Constitutive compatibility based identification of spatially varying elastic parameters distributions
Committee membersClaudel, Christian G.
Thoroddsen, Sigurdur T
KAUST DepartmentPhysical Science and Engineering (PSE) Division
Embargo End Date2015-02-18
Permanent link to this recordhttp://hdl.handle.net/10754/344789
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Access RestrictionsAt the time of archiving, the student author of this dissertation opted to temporarily restrict access to it. The full text of this dissertation became available to the public after the expiration of the embargo on 2015-02-18.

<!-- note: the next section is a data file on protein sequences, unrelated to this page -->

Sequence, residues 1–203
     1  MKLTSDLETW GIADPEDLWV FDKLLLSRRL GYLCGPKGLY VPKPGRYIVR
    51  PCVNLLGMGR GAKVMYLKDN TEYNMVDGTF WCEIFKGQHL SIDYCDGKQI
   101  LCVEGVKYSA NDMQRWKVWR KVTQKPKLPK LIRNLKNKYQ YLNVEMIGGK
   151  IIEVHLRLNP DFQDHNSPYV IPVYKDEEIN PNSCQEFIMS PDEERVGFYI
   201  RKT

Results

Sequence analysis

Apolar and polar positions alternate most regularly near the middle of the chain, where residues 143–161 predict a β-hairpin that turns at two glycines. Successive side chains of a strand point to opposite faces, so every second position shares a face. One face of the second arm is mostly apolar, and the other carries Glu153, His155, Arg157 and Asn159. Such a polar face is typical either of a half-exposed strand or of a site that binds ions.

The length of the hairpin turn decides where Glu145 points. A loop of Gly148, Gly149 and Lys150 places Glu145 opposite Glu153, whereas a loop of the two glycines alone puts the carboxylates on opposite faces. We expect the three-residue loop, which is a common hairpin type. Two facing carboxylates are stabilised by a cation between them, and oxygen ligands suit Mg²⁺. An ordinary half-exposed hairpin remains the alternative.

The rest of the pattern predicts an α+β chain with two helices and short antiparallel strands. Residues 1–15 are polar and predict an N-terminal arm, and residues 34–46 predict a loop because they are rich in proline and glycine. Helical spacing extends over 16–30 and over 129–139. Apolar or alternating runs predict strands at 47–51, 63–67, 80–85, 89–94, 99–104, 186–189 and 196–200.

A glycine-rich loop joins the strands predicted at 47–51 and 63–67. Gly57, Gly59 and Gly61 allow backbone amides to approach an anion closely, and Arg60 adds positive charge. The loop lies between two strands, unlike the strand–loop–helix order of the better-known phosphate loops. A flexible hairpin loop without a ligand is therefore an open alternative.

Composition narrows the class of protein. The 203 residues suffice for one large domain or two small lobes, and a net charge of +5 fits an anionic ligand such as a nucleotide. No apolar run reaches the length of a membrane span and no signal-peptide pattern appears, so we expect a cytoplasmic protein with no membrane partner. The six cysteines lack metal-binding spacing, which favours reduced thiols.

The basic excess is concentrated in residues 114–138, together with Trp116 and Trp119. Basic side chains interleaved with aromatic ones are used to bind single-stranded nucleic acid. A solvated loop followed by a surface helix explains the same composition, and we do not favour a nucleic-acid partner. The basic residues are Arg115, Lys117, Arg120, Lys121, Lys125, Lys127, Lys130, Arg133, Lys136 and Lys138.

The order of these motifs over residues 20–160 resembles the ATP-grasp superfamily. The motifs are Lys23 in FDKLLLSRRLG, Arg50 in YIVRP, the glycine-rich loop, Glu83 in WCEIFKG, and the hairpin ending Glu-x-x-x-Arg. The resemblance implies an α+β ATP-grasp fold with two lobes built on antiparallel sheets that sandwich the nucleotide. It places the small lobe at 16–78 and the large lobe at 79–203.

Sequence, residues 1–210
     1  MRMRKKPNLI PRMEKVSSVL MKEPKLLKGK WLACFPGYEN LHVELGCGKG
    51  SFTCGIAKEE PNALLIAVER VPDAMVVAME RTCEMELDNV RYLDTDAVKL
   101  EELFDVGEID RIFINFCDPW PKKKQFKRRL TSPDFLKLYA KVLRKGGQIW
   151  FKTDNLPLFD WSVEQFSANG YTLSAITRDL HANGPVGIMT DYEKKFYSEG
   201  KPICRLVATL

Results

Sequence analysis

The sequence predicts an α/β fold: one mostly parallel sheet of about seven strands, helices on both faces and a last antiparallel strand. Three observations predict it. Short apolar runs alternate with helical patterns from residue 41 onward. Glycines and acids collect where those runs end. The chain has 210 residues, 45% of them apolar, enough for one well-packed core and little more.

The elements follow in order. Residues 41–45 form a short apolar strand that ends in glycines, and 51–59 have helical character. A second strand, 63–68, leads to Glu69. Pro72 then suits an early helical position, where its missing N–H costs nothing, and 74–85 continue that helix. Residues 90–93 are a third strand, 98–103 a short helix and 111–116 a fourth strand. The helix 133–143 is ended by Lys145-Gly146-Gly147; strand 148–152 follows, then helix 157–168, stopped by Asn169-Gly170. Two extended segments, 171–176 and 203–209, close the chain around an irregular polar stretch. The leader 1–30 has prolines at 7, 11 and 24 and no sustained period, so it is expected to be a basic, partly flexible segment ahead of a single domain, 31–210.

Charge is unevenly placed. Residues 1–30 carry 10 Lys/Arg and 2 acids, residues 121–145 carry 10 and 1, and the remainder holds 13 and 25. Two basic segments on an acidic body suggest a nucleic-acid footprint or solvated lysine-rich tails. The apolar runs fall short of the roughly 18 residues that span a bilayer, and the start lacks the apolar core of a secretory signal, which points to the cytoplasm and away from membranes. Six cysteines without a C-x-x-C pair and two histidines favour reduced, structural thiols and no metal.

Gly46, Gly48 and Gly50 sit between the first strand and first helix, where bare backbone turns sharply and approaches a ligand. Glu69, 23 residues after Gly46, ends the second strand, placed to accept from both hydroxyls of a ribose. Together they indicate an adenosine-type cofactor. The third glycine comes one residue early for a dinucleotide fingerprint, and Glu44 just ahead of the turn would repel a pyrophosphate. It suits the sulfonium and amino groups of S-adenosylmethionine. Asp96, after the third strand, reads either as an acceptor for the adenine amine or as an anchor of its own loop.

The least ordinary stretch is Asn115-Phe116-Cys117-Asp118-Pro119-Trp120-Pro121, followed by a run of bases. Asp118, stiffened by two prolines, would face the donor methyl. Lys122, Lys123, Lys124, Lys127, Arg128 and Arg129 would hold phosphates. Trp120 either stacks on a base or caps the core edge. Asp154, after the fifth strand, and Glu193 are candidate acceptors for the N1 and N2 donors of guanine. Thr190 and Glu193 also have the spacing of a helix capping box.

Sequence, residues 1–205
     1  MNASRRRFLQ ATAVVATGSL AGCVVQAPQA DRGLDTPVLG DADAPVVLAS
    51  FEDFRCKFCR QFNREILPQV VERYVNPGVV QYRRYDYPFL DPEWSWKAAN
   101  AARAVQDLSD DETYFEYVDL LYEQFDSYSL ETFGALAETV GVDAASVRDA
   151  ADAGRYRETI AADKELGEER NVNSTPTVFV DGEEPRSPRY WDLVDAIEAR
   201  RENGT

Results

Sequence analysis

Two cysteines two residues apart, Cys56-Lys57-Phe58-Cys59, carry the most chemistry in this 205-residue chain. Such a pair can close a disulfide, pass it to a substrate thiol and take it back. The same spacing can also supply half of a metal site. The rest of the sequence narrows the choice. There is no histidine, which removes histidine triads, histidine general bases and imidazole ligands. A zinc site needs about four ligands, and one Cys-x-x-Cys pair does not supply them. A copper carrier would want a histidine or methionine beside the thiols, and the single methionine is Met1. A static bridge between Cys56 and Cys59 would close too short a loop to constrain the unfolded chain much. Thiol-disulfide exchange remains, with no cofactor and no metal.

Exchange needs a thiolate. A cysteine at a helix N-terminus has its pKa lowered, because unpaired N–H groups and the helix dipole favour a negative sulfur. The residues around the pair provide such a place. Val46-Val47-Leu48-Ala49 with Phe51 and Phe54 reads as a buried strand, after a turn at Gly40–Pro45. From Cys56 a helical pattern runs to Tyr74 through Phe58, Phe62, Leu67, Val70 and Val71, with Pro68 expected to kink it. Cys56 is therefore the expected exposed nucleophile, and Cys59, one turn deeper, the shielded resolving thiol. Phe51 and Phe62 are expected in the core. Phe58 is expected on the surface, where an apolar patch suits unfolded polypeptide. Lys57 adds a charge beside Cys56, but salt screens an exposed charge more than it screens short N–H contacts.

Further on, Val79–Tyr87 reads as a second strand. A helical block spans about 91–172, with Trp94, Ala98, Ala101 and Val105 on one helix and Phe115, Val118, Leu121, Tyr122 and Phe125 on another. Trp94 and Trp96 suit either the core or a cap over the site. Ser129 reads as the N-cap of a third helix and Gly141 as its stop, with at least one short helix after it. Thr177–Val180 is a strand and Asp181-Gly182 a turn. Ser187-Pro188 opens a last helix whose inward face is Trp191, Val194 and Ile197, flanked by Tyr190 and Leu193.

AbstractThe experimental identification of mechanical properties is crucial in mechanics for understanding material behavior and for the development of numerical models. Classical identification procedures employ standard shaped specimens, assume that the mechanical fields in the object are homogeneous, and recover global properties. Thus, multiple tests are required for full characterization of a heterogeneous object, leading to a time consuming and costly process. The development of non-contact, full-field measurement techniques from which complex kinematic fields can be recorded has opened the door to a new way of thinking. From the identification point of view, suitable methods can be used to process these complex kinematic fields in order to recover multiple spatially varying parameters through one test or a few tests. The requirement is the development of identification techniques that can process these complex experimental data. This thesis introduces a novel identification technique called the constitutive compatibility method. The key idea is to define stresses as compatible with the observed kinematic field through the chosen class of constitutive equation, making possible the uncoupling of the identification of stress from the identification of the material parameters. This uncoupling leads to parametrized solutions in cases where 5 the solution is non-unique (due to unknown traction boundary conditions) as demonstrated on 2D numerical examples. First the theory is outlined and the method is demonstrated in 2D applications. Second, the method is implemented within a domain decomposition framework in order to reduce the cost for processing very large problems. Finally, it is extended to 3D numerical examples. Promising results are shown for 2D and 3D problems